By Suresvara Dasa

During twelve pioneering years, Srila Prabhupada accepted the role of ISKCON’s founder-acarya with complete humility, nonstop surrender, and protective love.

To honor the fiftieth anniversary of Srila Prabhupada’s leaving India to found the worldwide Krishna consciousness movement, BTG presents Part Three of a series celebrating Srila Prabhupada’s unique, transcendental position in ISKCON, as well as every follower’s foundational relationship with him.

It is May 1969. In Columbus, Ohio, devotees have arranged for Prabhupada to perform onstage with counterculture poet Allen Ginsberg at a small auditorium on the Ohio State University campus. “A NIGHT OF KRISHNA CONSCIOUSNESS IN COLUMBUS” read the posters. “TRANSCENDENTAL PASTIMES. ECSTATIC ILLUMINATIONS.”

On the morning of the event, Ginsberg meets with Prabhupada at the local ISKCON temple to discuss the evening’s program, as well as how Krishna consciousness could spread widely in materialistic America. Alluding to a prophetic text from the Brahma-vaivarta Purana (4.129.59), Prabhupada assures the poet that people everywhere “will take advantage of Hare Krishna for the next ten thousand years.” Ginsberg has seen Prabhupada rouse crowds to chant Hare Krishna in New York and San Francisco, but the conservative, provincial students of Columbus will present a special challenge.

That evening the 750-seat auditorium is overflowing, as nearly two thousand students, faculty, and townspeople fill the seats, aisles, and balconies, and spill into the clearing below the stage, flouting all fire codes. As the surprised devotees press through the crowds, distributing Bhagavad-gitas, Ginsberg pumps a harmonium onstage, chanting Hare Krishna, and the crowd – corn-fed, towheaded Midwesterners – chants back, clapping and singing, celebrating the semester’s end.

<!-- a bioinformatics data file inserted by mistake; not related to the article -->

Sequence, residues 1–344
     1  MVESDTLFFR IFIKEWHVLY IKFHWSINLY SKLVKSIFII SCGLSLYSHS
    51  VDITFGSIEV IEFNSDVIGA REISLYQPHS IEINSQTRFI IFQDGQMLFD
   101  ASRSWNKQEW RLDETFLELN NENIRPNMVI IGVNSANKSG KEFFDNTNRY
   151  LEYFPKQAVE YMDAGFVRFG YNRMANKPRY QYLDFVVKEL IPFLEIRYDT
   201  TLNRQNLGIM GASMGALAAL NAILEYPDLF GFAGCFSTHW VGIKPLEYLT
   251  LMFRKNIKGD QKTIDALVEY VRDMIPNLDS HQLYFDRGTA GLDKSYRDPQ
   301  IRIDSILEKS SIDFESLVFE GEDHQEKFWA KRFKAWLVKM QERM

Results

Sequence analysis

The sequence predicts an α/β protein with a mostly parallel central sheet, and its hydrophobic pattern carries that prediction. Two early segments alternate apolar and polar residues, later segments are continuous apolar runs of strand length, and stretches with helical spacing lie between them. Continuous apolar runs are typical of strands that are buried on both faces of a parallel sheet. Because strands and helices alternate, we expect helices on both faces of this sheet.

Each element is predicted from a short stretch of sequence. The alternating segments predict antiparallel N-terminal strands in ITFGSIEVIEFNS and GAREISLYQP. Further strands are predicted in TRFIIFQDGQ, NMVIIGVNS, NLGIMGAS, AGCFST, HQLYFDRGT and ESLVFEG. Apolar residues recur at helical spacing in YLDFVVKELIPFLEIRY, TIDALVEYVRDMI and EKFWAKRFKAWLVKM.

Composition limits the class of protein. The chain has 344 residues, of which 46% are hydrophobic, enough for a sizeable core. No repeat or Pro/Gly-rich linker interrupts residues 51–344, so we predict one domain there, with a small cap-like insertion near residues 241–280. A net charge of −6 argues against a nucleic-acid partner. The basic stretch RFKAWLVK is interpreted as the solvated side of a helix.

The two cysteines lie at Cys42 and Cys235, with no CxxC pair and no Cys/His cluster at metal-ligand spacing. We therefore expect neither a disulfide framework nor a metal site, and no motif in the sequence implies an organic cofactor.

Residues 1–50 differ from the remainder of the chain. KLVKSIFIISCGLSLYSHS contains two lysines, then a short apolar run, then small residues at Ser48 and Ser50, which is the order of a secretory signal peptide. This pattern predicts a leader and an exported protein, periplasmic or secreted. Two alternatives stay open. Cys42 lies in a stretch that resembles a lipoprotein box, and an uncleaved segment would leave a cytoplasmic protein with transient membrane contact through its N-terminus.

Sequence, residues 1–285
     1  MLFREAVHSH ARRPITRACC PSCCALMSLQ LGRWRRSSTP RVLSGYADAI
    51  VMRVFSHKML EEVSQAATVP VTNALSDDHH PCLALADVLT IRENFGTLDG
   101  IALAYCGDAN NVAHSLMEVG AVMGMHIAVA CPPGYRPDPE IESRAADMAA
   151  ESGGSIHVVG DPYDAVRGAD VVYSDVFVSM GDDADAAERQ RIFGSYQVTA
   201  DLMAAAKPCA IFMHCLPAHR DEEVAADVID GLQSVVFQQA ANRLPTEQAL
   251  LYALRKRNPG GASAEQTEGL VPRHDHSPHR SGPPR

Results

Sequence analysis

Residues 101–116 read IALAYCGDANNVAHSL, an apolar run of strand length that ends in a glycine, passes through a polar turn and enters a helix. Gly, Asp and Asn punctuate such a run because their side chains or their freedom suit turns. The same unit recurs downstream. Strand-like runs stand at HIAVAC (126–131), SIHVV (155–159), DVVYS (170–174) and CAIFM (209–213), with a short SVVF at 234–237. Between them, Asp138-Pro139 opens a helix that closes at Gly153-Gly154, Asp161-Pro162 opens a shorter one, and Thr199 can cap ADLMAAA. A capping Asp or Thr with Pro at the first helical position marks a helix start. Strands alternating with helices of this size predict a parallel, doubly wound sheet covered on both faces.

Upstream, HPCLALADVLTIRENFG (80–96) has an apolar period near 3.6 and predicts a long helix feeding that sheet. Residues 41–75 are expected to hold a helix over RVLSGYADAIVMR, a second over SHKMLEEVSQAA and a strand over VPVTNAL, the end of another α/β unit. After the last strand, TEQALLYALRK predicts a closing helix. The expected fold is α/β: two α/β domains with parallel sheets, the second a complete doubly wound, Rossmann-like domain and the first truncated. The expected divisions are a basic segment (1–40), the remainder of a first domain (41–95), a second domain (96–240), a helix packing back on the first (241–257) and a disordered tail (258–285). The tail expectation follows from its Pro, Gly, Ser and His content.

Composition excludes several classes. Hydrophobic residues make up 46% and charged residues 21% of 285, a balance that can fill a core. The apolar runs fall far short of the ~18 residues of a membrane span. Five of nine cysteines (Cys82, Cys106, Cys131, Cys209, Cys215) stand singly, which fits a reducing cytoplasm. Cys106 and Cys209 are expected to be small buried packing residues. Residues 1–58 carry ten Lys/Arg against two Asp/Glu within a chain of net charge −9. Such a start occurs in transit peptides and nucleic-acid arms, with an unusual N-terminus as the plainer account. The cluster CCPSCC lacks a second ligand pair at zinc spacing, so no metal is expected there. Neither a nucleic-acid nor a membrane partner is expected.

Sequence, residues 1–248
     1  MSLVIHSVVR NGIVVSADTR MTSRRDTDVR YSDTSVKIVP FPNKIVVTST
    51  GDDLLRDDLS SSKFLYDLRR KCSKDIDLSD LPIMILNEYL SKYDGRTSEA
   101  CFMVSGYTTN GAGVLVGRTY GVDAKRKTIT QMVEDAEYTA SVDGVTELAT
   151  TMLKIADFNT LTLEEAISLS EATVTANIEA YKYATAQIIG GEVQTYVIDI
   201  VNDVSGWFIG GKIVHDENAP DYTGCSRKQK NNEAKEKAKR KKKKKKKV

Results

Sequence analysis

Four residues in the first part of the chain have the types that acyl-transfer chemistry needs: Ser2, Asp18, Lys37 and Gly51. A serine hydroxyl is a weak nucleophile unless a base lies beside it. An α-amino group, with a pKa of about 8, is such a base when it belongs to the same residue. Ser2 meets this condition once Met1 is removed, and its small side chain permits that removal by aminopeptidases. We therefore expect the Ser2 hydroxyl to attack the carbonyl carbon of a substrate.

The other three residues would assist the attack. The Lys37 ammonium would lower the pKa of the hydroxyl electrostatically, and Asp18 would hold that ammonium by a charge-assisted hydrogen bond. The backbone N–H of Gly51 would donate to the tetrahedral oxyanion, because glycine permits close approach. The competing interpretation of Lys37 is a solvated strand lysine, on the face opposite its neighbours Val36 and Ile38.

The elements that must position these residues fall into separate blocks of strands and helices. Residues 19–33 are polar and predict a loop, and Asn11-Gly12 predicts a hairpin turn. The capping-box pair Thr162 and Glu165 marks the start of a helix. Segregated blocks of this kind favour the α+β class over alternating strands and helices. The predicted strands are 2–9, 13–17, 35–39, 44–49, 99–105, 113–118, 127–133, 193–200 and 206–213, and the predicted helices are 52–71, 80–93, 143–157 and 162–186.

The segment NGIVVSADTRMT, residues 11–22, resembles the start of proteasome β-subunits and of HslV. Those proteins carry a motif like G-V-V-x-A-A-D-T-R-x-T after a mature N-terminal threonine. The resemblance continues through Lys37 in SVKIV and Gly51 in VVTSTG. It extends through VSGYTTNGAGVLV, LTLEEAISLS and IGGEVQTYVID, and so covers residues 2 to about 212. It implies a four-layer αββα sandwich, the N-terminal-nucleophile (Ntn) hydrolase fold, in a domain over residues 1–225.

Then Prabhupada enters. Smiling and glowing, he ascends the stage, where Ginsberg invites him to lead the chanting. In The Hare Krishna Explosion Hayagriva Dasa describes what happened next:

Prabhupada stands and raises his hands, inviting the students also to stand and dance. The response is immediate. Students in the aisles are first to their feet, then students in the rows and balconies arise. There is little room for dancing; a spontaneous bounce catches hold instead. As Prabhupada bounces on the dais, the students bounce also. As he waves his arms, they wave theirs. He leads them as a maestro conducts an orchestra, until gradually the inherent spiritual rhythm of the mantra itself prevails – the young voices empowered by the mantra, not even knowing the meaning of the words.

“The amazing fact is that everybody was able to get up and dance,” says Ginsberg later, “nearly leaping out of their skins.”1